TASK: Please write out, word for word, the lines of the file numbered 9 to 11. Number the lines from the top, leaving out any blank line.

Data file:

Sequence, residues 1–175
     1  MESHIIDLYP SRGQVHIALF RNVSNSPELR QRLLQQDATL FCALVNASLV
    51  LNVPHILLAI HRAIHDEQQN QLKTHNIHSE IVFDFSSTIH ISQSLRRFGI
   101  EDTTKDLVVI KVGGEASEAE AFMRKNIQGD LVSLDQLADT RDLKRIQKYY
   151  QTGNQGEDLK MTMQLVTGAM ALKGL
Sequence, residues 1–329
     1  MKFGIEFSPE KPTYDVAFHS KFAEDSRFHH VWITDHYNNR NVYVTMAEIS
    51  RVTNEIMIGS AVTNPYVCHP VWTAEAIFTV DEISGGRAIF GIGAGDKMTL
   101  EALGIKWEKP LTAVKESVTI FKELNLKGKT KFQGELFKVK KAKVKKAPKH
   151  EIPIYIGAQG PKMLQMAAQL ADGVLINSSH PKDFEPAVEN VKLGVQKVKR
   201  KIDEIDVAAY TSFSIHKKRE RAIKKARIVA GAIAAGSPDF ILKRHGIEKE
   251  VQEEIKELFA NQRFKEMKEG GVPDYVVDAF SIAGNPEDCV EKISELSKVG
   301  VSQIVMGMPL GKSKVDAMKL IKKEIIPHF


   101  EALGIKWEKP LTAVKESVTI FKELNLKGKT KFQGELFKVK KAKVKKAPKH
   151  EIPIYIGAQG PKMLQMAAQL ADGVLINSSH PKDFEPAVEN VKLGVQKVKR
   201  KIDEIDVAAY TSFSIHKKRE RAIKKARIVA GAIAAGSPDF ILKRHGIEKE